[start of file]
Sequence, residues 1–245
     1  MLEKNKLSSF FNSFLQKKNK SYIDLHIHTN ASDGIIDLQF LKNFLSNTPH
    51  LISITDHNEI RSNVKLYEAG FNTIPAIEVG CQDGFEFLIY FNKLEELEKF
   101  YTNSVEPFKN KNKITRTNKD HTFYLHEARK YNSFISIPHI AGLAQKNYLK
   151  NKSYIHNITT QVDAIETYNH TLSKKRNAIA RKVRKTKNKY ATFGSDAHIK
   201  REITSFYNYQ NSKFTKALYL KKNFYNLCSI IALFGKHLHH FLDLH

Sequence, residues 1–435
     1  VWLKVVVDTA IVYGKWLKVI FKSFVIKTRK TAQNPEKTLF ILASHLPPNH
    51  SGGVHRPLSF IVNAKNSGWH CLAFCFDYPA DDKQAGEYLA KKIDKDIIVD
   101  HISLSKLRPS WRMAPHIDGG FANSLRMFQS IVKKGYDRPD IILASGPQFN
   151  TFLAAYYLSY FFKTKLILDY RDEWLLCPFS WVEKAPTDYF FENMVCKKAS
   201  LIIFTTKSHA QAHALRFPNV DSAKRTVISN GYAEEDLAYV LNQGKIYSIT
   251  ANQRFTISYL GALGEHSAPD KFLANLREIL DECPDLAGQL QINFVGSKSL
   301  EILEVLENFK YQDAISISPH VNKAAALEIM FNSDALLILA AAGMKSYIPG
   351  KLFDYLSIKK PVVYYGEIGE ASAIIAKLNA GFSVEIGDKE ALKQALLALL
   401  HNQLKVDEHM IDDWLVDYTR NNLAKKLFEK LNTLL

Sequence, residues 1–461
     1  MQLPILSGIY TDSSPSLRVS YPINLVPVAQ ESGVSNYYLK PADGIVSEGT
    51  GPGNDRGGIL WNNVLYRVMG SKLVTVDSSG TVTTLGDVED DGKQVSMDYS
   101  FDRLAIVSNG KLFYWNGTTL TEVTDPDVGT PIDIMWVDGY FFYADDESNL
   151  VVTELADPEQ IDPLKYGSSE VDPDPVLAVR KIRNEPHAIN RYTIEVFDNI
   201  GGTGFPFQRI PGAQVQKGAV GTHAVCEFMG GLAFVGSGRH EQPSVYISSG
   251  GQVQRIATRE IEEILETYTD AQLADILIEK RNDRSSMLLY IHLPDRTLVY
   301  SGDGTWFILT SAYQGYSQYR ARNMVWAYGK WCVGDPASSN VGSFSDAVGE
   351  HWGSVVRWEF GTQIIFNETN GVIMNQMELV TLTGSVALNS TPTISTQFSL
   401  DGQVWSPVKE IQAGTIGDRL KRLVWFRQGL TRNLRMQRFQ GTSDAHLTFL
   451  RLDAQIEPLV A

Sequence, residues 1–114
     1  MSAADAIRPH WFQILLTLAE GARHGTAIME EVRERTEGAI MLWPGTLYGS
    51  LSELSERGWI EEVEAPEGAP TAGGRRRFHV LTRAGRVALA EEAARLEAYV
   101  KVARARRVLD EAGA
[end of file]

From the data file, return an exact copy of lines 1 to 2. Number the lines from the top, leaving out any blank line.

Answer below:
Sequence, residues 1–245
     1  MLEKNKLSSF FNSFLQKKNK SYIDLHIHTN ASDGIIDLQF LKNFLSNTPH